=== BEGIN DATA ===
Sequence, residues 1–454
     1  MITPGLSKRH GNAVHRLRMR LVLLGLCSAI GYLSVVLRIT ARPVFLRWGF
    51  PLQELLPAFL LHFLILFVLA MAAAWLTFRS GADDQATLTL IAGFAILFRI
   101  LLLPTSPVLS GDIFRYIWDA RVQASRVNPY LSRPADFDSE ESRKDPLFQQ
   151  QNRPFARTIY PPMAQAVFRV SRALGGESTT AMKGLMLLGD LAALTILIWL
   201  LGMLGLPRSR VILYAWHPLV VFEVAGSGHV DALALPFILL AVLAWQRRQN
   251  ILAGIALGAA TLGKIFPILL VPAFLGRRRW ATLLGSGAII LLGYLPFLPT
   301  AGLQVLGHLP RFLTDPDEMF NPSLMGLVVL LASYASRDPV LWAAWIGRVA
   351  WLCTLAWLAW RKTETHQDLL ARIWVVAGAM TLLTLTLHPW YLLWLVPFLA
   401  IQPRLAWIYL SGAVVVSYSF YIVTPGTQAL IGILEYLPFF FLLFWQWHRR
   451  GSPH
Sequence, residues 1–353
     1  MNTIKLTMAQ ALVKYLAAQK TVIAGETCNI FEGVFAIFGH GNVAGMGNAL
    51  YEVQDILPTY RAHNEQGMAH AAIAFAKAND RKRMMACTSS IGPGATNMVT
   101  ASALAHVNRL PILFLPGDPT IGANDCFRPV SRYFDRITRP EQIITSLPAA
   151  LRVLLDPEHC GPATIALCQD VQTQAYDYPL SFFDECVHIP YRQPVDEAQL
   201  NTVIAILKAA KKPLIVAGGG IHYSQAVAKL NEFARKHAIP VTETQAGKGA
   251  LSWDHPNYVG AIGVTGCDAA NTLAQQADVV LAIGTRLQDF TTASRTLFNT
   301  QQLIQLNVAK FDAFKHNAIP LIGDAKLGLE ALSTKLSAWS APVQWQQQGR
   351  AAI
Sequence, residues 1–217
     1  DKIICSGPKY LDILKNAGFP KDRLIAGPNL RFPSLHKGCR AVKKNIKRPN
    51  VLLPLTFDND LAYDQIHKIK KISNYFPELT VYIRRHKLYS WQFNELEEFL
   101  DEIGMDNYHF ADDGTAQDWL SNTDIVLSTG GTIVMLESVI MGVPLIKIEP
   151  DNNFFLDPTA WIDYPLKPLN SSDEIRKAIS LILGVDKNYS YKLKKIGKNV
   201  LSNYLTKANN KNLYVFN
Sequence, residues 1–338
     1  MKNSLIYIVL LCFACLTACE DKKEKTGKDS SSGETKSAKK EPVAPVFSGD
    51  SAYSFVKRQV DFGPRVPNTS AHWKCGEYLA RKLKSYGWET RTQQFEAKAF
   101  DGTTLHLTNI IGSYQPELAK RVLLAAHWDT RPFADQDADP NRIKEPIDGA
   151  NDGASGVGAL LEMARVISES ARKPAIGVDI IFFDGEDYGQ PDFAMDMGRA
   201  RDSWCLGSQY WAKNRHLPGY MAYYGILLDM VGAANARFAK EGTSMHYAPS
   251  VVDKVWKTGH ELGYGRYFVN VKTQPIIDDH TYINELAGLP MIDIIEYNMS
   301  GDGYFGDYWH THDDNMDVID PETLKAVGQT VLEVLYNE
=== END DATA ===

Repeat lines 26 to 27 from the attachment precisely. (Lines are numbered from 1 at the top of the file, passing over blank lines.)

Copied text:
   201  LSNYLTKANN KNLYVFN
Sequence, residues 1–338